The 6-foot-11-inch center has proven he can work with the best of the NBA’s modern brand of center, using his athleticism and basketball IQ to work well in the pick-and-roll game with Donovan Mitchell and providing the perfect inside presence to match forward Evan Mobley’s scoring versatility. Expect the two young bigs to be a staple on both sides of the floor for this Cavaliers team for a long time.
Though he hasn’t seen a huge explosion in production under a newer Cavs cast, second-year forward Evan Mobley is providing the Cavaliers with almost the same amount of valuable production as his rookie year.
Mobley’s ability to not just dominate from the inside with his advanced set of interior mechanics, but stretch it out to the mid range when needed, has given the Cavaliers a reliable young scoring option outside of the their top-tier backcourt in Mitchell and Darius Garland. Mobley’s ability to make bigs second guess shots on the interior, combining with Allen for 2.6 blocks while grabbing nine rebounds per game, makes the 7-foot forward a needed piece for a playoff-bound franchise.
One can only wonder how much the 21-year-old will continue to improve under the continued guidance of J.B. Bickerstaff and the Cavaliers coaching staff, as well as the mainstays on this Cavaliers roster.
Since he first suited up for the Cavaliers in a monumental trade in 2014 involving two No. 1 overall picks, forward Kevin Love has proven to be a valuable part of the Cavs offensive pace and rebounding ability whether he starts or takes a bench role.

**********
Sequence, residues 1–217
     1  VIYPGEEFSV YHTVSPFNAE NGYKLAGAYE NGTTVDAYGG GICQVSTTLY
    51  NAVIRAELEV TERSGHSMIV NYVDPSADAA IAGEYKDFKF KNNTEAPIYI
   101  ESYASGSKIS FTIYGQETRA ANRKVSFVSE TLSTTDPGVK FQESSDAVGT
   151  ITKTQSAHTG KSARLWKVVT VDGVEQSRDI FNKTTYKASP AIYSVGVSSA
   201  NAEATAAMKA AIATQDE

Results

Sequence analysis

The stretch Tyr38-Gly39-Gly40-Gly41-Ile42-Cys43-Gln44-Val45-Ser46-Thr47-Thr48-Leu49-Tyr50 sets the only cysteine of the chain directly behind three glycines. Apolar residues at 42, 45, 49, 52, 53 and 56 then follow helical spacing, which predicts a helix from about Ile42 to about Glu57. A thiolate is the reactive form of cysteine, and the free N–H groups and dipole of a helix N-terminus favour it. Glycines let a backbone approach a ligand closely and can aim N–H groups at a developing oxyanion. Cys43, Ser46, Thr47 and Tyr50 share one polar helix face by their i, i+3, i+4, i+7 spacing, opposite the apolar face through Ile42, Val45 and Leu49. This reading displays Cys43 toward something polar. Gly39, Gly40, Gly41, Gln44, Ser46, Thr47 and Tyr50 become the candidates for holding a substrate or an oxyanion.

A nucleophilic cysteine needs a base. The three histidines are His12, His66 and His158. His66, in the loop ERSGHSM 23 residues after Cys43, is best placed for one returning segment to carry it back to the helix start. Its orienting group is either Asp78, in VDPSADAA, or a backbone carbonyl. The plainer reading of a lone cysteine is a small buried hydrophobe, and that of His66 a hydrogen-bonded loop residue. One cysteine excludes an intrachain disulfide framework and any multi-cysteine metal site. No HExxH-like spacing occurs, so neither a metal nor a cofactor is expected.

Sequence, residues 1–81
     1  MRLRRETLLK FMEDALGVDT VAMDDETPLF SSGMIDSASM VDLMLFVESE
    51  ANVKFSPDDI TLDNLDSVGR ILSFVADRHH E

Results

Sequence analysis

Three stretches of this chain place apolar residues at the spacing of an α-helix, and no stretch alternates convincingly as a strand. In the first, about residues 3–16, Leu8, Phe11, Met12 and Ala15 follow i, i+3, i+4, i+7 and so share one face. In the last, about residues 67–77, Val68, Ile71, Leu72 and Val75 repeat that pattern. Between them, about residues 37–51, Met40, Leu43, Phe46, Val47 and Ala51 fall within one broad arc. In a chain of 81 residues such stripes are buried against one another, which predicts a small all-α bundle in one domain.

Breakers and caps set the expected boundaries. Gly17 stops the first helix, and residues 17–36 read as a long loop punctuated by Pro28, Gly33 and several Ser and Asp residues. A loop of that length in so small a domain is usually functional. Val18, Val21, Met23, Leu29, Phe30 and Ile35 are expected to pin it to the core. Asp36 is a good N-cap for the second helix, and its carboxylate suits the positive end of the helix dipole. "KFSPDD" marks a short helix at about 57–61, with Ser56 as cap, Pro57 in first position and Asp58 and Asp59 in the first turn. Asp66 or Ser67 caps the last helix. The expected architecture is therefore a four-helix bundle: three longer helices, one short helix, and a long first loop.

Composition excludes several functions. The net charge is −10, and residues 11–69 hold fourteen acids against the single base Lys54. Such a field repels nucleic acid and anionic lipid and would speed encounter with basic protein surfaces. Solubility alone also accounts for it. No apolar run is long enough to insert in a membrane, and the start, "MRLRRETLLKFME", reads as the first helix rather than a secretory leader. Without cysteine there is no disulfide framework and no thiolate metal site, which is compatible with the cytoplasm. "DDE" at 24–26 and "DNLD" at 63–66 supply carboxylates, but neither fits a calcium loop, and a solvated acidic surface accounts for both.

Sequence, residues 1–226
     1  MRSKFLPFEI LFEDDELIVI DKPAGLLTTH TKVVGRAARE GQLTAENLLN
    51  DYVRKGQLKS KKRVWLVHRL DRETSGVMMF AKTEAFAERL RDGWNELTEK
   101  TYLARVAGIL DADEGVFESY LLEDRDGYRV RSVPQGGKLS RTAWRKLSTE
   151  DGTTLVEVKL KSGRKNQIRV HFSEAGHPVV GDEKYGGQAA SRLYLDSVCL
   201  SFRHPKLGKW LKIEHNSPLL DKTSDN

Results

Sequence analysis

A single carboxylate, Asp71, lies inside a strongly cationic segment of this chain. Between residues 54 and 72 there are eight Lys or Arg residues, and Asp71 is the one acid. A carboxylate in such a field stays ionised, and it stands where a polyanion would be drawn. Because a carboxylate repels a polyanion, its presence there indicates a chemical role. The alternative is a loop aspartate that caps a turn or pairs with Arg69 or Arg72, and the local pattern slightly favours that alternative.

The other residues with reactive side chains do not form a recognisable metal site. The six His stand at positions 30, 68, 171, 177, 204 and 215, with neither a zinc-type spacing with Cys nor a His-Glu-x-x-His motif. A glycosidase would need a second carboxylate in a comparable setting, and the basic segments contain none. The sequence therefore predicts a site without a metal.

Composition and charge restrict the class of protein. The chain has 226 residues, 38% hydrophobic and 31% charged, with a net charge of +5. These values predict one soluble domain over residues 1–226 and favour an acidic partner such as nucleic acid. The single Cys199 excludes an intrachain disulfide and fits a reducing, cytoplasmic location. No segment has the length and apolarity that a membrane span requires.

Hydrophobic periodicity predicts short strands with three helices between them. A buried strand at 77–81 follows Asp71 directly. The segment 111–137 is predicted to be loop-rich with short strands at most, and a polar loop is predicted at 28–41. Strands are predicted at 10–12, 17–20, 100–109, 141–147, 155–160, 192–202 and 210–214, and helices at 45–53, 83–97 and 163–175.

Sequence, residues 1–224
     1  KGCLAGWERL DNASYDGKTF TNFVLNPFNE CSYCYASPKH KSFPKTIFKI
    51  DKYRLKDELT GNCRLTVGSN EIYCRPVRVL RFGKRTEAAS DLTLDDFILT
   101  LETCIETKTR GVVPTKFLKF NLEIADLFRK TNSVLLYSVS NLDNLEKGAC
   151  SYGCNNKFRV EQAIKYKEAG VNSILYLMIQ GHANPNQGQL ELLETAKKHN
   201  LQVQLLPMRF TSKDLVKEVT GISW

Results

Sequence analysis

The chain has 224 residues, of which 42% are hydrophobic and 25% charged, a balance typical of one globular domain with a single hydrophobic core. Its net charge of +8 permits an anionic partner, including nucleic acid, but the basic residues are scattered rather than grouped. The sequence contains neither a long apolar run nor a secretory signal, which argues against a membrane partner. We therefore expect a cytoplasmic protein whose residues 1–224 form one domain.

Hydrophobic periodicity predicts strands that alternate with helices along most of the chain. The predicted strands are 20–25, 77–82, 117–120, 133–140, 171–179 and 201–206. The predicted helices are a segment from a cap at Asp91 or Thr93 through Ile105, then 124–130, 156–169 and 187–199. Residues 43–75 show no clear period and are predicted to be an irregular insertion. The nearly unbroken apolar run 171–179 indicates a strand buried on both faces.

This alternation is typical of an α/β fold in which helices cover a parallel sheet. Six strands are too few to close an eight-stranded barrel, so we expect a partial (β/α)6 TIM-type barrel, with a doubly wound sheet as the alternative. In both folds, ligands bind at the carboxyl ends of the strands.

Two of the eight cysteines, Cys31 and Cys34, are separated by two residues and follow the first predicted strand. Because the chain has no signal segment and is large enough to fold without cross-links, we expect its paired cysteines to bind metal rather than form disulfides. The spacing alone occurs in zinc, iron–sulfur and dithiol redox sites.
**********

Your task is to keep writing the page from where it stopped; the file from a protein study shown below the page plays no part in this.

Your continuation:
The former Sixth Man of the Year runner-up continues to provide valuable minutes for the Cavs off the bench this season, averaging 10.6 points, 7.2 rebounds and 2.5 assists per game while logging an 18.8 Player Efficiency Rating. Kevin Love’s scoring ability even earned him a starting role against the Minnesota Timberwolves when the Cavs were still searching for a more permanent option to cover for center Jarrett Allen as he sat out with an injury.
Though his defensive impact leaves much to be desired, Love has proven to be a reliable veteran glue piece when he backs up a young Cavaliers starting lineup that is just starting to explode into one of the league’s most formidable groups.
Whether he plays shooting guard or small forward, stays on the bench or takes up a starting role, guard Caris LeVert’s 11.4 points per game has been a welcomed part of his 14 Cavs starts so far this season.
LeVert’s scoring production has tapered off in the last few matchups, and his inconsistent shooting will need to improve before he can receive a higher grade.
Stevens has only seen his role increase with the Cavs this season since he played four minutes against the Chicago Bulls.
Mitchell said Stevens is shooting the ball with “increased confidence” on top of his improved defensive ability from 2020.
“It’s easy to speak on his defense, because that’s what we know,” Mitchell said in a postgame press conference. “I think offensively, he has a growing confidence.
“He’s shooting the ball with confidence. He’s able to get into the paint, drive and kick and get to the free throw line… being able to do so many things is going to help the team off of being confident, being able to make plays and understanding the offense.”
Last, but not least, head coach J.B. Bickerstaff will earn himself a rating in his third full season as the Cavs’ head coach.
It may not completely look like it in the standings, but Bickerstaff has stayed on track with his postseason expectations at the beginning of the season and kept the Cavaliers on the continued path towards a winning brand of basketball for years to come.
It will take time before Bickerstaff can truly master the team’s rotations and figure out which players he can rely on, but aside from the five-game losing streak, the fourth-year head coach has proven to be a solid leader for the Cavaliers.